Alaska Justice Forum _
Alaska Justice Forum 19(4), Winter 2003
"Drug Use Trends Among Anchorage Arrestees: 1999–2001" by Brad Myrstol
Roughly one out of every two arrestees in Anchorage tests positive for recent drug use, and marijuana seems to be the illicit "drug of choice" among arrestees in Anchorage—particularly arrestees under the age of 30— according to several years of data assembled under the Arrestee Drug Abuse Monitoring (ADAM) program. This article describes the ADAM program and presents three years of drug use data for Anchorage arrestees who participated in the program.
Under the auspices of the National Institute of Justice, a loosely-organized network of justice researchers and administrators have worked to adapt the standardized methodology developed in the U.S.'s Arrestee Drug Abuse Monitoring (ADAM) program to the needs of justice systems in other nations. NIJ's first comprehensive report on the international ADAM effort (I-ADAM) describes its implementation in Chile, Great Britain, Scotland, the Netherlands, Malaysia, South Africa, Australia and the United States.
"Alcohol Use Among Anchorage Arrestees" by Brad Myrstol
There is impressive empirical evidence for a direct relationship between alcohol and violent criminal behavior, but alcohol is so intertwined with crimes of violence that it has been difficult for researchers to isolate the effects of alcohol from other individual, situational and social factors. This article is a first step toward understanding the dynamics of alcohol use among those who have engaged in criminal behavior and are known to be at-risk for substance abuse and addiction, presenting a summary of alcohol use information gathered as part of the Arrestee Drug Abuse Monitoring (ADAM) program in Anchorage for 2000 and 2001.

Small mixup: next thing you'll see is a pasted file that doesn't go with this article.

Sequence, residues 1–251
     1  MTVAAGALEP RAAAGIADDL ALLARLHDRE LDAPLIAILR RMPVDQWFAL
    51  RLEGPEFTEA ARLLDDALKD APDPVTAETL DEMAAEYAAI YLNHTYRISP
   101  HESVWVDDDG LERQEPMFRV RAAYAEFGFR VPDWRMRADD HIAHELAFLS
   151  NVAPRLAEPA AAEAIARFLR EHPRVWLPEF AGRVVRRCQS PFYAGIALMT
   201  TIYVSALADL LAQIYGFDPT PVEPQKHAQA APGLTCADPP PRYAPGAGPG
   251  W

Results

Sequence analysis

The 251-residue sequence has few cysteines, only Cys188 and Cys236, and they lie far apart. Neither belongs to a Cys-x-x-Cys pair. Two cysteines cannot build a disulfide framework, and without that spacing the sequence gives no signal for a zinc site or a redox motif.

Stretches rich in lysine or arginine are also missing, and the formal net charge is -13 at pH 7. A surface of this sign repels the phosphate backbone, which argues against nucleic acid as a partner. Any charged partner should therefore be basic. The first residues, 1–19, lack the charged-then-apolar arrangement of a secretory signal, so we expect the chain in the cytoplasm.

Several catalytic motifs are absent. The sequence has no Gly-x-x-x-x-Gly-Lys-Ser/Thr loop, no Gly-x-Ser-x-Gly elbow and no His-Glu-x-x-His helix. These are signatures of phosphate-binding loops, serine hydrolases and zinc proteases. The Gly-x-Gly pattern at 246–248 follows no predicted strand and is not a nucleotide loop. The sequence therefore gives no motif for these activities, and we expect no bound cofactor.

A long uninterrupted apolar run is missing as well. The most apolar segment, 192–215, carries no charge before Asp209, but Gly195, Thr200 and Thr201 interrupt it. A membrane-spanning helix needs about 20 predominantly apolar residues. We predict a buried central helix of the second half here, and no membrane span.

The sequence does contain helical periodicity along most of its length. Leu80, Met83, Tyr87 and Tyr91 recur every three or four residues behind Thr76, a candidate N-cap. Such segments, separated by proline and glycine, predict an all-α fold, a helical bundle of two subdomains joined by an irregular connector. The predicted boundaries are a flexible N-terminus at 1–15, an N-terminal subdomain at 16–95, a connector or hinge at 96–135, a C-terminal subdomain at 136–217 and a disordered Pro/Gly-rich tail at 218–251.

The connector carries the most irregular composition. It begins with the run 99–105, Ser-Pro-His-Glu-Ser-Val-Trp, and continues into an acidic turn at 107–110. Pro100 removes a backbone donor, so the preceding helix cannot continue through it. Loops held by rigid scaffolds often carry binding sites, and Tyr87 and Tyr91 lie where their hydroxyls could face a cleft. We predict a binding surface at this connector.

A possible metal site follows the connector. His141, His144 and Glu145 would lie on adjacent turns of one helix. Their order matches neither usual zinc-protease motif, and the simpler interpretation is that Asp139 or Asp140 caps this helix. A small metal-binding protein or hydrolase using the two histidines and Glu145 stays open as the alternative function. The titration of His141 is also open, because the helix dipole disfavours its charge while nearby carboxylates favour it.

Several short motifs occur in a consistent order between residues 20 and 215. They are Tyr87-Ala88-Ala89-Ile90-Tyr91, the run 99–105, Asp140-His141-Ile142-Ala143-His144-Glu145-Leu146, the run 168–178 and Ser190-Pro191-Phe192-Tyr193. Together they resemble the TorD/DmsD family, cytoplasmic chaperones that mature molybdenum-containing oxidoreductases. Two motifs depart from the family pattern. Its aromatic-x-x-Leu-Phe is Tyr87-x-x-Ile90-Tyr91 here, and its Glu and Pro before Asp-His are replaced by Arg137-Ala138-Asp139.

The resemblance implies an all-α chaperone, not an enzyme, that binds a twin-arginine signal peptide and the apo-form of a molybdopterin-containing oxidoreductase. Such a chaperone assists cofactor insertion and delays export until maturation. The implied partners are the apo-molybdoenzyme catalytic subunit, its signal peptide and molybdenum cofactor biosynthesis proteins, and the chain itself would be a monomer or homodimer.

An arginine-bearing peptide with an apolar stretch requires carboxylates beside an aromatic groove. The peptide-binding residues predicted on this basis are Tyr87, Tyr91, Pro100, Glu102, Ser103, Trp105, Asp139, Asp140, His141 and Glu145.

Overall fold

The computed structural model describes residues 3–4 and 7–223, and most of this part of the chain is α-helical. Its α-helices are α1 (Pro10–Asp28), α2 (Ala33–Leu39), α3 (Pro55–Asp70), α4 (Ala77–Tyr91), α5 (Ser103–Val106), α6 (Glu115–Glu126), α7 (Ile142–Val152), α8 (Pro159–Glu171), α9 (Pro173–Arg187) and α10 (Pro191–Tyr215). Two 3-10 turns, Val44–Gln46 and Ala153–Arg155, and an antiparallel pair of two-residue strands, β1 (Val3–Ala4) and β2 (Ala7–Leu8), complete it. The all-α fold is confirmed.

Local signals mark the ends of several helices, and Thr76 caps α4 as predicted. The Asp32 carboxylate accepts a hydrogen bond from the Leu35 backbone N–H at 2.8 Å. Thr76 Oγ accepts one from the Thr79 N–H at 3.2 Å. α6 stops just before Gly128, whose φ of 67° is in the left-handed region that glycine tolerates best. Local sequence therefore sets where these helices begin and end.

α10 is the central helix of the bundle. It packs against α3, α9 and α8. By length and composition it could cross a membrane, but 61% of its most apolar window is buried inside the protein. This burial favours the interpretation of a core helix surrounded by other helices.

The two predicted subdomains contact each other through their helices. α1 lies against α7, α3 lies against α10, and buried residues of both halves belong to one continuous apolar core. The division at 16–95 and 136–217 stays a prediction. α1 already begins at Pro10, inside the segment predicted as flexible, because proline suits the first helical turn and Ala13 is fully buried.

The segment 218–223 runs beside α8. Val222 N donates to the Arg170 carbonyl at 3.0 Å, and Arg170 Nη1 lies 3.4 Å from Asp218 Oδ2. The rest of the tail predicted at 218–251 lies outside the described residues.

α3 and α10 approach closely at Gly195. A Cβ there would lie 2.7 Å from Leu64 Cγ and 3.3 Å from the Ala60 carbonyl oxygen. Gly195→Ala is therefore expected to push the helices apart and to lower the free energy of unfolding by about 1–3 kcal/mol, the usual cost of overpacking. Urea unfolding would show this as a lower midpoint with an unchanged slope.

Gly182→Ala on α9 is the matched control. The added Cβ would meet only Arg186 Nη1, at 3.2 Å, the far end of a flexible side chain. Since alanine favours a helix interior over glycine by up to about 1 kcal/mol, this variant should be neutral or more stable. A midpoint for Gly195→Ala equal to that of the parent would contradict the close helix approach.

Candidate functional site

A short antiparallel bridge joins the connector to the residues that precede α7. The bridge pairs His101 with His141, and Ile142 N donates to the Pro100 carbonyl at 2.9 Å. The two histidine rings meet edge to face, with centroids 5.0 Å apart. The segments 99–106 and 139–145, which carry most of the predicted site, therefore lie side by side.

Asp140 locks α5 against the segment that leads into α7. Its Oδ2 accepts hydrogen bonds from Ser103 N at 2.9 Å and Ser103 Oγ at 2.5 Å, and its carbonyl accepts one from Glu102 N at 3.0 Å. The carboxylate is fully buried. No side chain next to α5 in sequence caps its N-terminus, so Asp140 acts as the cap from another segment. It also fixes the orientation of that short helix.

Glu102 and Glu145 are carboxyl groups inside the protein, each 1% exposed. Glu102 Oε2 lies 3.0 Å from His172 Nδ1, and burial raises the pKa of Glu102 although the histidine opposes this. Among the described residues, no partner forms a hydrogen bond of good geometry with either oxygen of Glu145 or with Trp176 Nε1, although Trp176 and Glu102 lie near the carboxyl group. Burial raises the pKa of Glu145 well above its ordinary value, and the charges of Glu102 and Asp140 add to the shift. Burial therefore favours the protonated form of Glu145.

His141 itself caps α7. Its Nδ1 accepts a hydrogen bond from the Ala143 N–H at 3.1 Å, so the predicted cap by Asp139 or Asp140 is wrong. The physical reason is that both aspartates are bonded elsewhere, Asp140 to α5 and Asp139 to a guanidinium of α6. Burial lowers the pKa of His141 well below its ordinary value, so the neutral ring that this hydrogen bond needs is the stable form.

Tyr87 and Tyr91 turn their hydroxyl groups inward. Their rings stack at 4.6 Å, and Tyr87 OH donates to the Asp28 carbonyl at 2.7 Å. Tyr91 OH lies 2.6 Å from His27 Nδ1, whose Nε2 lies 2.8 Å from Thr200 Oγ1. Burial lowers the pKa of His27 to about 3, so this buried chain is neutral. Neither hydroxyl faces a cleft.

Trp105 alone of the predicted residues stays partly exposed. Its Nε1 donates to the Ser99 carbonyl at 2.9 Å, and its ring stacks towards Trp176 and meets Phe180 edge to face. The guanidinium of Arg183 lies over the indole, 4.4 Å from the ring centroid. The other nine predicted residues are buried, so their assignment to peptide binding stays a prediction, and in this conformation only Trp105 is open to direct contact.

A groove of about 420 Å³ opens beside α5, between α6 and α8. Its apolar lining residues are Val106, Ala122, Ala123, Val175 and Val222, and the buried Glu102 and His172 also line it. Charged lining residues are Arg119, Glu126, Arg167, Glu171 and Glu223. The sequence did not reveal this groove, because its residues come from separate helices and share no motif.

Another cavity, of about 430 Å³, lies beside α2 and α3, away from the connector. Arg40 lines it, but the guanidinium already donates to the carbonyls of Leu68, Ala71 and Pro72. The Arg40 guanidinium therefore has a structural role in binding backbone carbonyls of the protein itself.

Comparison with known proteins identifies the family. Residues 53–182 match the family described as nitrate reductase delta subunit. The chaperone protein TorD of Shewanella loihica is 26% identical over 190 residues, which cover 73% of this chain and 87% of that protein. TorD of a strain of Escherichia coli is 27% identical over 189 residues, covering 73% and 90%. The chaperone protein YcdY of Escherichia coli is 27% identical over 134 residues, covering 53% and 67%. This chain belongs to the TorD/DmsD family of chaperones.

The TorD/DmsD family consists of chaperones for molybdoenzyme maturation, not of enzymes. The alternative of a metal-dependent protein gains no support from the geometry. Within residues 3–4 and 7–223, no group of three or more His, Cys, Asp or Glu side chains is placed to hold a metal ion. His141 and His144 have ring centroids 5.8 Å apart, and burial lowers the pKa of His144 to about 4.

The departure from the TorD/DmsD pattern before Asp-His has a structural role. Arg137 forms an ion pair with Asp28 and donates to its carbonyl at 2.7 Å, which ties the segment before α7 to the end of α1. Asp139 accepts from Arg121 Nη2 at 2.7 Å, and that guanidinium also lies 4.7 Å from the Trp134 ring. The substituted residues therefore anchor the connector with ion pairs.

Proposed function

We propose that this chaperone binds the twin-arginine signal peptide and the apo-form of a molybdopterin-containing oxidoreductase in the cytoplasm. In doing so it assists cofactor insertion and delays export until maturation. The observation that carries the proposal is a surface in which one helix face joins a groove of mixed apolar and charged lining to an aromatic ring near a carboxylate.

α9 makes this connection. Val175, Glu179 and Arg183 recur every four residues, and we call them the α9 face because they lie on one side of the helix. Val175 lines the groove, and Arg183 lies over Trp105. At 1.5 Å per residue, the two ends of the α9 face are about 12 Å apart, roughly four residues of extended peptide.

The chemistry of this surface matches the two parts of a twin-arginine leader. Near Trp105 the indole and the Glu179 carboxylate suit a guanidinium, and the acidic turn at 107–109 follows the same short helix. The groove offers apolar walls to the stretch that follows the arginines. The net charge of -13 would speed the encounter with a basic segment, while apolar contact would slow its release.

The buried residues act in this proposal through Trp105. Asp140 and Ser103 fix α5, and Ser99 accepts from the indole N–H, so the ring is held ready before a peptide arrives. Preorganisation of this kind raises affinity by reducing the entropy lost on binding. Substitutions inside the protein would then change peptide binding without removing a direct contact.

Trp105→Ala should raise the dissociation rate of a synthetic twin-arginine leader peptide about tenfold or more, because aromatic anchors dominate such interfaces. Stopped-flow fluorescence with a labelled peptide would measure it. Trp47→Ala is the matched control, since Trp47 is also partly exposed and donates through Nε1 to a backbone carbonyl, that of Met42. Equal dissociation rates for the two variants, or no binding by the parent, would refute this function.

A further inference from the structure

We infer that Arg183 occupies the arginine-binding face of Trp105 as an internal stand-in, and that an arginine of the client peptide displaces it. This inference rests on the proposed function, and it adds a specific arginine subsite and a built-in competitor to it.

The ADAM program discussed in this issue of the Forum is one of several national projects collecting data on the extent of drug use. It is also one of the few instruments regularly administered in Alaska under either state or federal auspices that provides any localized information on drug use. This article describes the federal government's three other major drug use indicators which provide data on a national basis: the National Household Survey on Drug Abuse (NHSDA), the Drug Abuse Warning Network (DAWN) and Monitoring the Future.
"Fear of Crime and Quality of Life in Anchorage" by Matthew Giblin
During Spring 2002, the Justice Center conducted the Anchorage Adult Criminal Victimization Survey (AACVS) to gather data from residents about their experiences with crime as well as their perceptions of their neighborhoods, the city, and the local police. This article, first of a series to present highlights from the survey, addresses perceptions of neighborhood and city quality of life, neighborhood conditions, and fear of crime among Anchorage respondents.
Over two million persons are currently held in American jails or prisons, and recent official statistics indicate that state and federal agencies spend over $27 billion annually to fund correctional programs, and nonfinancial costs of mass imprisonment are also having an increasing effect on society. Invisible Punishment, the first comprehensive discussion of the broad range of consequences imposed by recent policies of mass incarceration, focuses attention on "the collateral consequences of mass imprisonment" that affect not only on the offender, but also on families, communities, and the nation as a whole.
Announcing the completion of "Two Homes...," an instructional video on child custody issues written and produced by Antonia Moras for the Alaska Court System.